Sixty years after the Supreme Court ordered schools desegregated, Education Secretary Arne Duncan used the rhetoric of a school choice proponent to describe administration policies while also explaining that continuing segregation in New York stems from the fact that white people and black people live in different neighborhoods.
"We firmly believe that education is the civil rights issue of our generation," Duncan said Friday on Morning Joe. "We have to get better results. Things have gotten better; high school graduation rates are, as a nation, are at all-time highs. That's being driven by increases among black and Latino students. That's fantastic, but we have so far to go, and we have to continue to work with a tremendous sense of urgency to level the playing field for all of our nation's children."
Duncan's civil rights line echoes former Secretary of State Condoleeza Rice's speech at the 2012 Republican National Convention, when she said, "we need to give parents greater choice -- particularly poor parents whose kids -- most often minorities are trapped in failing neighborhood schools. This is the civil rights struggle of our day."
It's not a new idea for Duncan, but Democrats in the 2012 campaign reserved the civil rights language for LGBT issues, such as when Vice President Joe Biden "said transgender discrimination is 'the civil rights issue of our time,' " as the Huffington Post noted.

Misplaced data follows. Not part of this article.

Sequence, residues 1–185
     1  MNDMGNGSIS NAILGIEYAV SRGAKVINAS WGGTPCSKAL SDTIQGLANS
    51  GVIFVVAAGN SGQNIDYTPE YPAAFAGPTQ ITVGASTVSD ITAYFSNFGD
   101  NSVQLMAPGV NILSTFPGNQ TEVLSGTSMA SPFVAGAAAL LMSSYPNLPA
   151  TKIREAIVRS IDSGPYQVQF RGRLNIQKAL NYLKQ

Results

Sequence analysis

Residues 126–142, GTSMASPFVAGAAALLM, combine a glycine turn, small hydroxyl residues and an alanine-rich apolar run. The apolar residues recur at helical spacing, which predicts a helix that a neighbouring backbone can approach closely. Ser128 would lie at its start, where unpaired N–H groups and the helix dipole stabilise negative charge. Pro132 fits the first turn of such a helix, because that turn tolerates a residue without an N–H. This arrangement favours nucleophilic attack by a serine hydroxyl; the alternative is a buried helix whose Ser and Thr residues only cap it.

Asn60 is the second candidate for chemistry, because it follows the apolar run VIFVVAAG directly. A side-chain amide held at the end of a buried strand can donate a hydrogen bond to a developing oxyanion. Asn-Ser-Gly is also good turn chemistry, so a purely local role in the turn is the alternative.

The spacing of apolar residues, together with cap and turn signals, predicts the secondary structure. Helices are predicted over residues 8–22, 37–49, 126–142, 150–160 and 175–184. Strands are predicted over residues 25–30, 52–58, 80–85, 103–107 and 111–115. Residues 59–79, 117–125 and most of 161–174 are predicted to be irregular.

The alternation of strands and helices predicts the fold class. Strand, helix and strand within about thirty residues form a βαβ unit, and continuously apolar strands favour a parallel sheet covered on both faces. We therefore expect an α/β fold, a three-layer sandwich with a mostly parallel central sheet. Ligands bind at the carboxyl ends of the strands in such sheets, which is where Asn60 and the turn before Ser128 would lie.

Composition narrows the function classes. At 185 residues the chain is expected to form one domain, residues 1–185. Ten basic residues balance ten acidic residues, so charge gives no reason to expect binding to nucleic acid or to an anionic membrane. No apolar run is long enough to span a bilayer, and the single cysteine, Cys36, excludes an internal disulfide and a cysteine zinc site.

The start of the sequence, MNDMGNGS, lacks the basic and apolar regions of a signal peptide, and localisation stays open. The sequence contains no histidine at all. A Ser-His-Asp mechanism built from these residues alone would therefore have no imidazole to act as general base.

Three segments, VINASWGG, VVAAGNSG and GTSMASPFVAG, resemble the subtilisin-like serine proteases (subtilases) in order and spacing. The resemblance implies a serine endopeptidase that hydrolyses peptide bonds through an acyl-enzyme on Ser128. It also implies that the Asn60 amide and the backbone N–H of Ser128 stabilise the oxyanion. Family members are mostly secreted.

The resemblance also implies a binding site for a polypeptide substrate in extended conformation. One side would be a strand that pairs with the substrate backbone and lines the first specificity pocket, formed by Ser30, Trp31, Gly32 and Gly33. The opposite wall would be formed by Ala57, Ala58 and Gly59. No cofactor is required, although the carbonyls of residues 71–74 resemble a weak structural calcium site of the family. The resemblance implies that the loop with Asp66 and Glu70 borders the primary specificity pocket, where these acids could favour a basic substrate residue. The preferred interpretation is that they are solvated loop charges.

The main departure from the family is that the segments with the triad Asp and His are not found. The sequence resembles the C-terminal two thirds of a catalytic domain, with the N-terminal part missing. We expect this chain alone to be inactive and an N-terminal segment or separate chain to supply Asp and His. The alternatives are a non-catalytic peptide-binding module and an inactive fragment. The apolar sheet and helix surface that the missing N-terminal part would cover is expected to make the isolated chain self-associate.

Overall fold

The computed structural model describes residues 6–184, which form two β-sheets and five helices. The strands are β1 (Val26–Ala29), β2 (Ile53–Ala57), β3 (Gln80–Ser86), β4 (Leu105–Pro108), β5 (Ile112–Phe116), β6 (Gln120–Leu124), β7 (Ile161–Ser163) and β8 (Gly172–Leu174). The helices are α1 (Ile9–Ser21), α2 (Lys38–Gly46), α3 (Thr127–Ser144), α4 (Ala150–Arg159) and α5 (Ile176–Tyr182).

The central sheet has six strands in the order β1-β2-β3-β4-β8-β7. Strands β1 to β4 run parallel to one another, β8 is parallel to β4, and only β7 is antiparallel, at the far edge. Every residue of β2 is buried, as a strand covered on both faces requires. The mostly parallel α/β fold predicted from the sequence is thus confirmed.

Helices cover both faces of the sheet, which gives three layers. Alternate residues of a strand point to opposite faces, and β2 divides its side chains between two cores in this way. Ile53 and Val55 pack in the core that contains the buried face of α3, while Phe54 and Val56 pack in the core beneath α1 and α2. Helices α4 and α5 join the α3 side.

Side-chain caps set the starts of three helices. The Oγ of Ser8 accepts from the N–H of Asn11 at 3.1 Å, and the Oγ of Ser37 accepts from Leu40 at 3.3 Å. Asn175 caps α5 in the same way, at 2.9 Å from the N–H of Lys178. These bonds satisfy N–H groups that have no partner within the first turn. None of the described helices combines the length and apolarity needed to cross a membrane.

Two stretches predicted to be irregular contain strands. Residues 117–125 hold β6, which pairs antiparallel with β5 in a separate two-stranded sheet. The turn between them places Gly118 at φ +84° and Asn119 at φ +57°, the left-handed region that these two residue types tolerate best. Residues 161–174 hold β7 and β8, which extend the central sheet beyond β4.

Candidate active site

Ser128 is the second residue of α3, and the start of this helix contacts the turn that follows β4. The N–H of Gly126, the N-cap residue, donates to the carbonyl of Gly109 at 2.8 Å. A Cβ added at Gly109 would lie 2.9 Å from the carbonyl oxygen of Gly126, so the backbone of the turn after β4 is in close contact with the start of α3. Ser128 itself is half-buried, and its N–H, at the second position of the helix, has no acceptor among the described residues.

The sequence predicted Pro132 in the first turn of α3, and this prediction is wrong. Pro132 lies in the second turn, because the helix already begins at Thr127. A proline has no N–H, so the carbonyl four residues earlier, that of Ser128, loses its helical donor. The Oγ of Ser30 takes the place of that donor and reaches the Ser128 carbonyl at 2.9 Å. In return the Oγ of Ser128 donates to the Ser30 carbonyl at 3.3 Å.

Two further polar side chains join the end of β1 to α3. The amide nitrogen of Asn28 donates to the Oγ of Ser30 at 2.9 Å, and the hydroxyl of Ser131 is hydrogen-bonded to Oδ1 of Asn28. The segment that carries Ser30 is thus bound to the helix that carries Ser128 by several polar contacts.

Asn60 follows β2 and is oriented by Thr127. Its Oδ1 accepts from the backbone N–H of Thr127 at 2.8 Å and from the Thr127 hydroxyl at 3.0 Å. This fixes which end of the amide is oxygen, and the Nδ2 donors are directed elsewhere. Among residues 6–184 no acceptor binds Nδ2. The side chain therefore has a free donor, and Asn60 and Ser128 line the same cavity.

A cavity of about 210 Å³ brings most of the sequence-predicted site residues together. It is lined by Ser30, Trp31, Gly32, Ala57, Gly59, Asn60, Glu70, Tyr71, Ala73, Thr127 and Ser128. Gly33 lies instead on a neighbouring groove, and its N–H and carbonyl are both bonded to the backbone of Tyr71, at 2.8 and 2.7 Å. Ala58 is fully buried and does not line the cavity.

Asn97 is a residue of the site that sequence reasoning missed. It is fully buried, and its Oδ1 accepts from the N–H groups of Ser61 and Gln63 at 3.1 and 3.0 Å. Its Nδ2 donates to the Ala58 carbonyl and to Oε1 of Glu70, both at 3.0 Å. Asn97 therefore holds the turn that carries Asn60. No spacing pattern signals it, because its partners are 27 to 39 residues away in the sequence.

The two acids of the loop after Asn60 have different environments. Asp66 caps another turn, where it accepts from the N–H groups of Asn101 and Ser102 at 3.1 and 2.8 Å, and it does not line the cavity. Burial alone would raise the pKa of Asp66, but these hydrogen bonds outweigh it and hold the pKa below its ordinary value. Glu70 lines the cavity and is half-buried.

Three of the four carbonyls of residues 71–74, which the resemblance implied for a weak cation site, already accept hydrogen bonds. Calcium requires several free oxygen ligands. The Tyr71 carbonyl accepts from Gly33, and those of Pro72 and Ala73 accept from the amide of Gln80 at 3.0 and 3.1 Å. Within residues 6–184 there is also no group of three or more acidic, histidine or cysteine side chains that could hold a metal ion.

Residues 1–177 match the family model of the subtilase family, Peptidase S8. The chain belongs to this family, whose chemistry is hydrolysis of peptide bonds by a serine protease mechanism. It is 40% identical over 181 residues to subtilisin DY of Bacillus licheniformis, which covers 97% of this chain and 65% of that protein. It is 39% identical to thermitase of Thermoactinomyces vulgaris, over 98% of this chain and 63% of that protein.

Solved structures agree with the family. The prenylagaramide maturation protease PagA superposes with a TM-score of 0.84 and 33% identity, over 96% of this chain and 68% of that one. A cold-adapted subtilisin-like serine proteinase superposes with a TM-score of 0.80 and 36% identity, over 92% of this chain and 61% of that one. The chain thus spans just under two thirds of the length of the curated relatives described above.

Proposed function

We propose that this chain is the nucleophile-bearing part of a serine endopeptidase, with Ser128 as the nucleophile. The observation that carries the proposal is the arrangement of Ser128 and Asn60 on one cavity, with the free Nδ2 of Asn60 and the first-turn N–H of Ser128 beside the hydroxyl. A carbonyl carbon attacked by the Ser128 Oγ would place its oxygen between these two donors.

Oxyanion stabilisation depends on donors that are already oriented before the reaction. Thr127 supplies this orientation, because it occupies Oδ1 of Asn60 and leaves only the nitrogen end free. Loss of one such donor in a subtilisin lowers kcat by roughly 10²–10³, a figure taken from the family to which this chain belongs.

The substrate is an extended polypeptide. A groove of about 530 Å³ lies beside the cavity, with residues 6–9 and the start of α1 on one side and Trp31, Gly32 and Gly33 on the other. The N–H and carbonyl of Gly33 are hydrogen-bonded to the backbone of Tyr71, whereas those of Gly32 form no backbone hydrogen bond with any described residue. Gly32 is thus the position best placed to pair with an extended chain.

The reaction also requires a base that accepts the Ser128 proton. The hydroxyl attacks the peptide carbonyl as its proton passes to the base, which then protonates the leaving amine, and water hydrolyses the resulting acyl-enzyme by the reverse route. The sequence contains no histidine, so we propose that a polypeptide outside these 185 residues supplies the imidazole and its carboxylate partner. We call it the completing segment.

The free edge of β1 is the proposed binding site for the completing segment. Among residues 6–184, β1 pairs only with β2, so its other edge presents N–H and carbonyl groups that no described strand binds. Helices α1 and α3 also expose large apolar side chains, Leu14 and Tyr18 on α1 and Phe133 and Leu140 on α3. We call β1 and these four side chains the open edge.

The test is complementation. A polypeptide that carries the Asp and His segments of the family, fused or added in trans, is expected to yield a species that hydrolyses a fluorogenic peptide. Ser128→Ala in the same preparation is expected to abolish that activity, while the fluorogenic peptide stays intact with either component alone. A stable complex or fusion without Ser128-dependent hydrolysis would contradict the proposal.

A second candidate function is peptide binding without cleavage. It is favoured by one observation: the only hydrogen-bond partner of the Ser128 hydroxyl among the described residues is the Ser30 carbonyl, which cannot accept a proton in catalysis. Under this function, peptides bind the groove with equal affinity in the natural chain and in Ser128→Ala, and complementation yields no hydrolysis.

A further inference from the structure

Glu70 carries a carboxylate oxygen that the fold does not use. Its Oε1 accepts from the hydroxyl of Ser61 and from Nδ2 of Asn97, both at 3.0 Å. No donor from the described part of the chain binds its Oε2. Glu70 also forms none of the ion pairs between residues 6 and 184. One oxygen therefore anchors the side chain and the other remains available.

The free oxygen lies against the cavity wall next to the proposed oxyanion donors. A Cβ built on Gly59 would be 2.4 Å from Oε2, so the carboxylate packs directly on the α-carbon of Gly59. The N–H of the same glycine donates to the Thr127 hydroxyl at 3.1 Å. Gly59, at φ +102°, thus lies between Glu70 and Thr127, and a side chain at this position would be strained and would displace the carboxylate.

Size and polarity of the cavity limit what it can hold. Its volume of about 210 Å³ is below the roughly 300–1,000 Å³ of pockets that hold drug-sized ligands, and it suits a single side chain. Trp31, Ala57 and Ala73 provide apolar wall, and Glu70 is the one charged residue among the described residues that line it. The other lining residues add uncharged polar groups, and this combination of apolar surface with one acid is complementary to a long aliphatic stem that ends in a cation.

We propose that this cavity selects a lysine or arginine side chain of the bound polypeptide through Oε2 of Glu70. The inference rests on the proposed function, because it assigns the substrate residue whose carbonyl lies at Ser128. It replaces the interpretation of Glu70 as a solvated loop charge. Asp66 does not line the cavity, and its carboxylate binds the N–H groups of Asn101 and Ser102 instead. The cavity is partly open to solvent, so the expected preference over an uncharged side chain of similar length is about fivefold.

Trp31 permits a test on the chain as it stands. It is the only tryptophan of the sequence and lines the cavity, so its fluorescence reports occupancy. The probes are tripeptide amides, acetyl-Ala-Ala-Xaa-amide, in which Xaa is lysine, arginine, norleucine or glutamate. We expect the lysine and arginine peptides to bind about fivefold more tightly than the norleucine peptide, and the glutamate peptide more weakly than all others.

When MSNBC's Joe Scarborough asked whether parents in New York state should be given "the choice to let their children go to whatever schools they want them to go to," Duncan demurred while managing to use the language of school choice.
"We have to make sure every single public school in this nation is a school of choice," he replied. "So, traditional schools that are doing a great job, we need to replicate them and learn from them. Charter schools that are doing a great job, we need to replicate them and learn from them. We just need to make every single public school in this nation a school that parents will feel great about sending their children to."
Duncan backed a school choice program in Illinois before joining the Obama team, but he helped kill a D.C. school choice program in his first years on the job when President Obama caved to teachers' unions.
"Duncan withdrew the scholarships of 216 students who had been admitted to the D.C. Opportunity Scholarship Program," the Heritage Foundation noted in 2010. "Those students are attending lower-performing schools as a result."
Duncan also discussed why New York schools are the most segregated in the country. "School integration, or lack of integration, reflects housing patterns, and when we choose to live apart from each other, schools reflect that," he explained.
Of course, if parents didn't have to send their kids to whichever school happened to be in their neighborhood, school integration wouldn't be driven by housing patterns.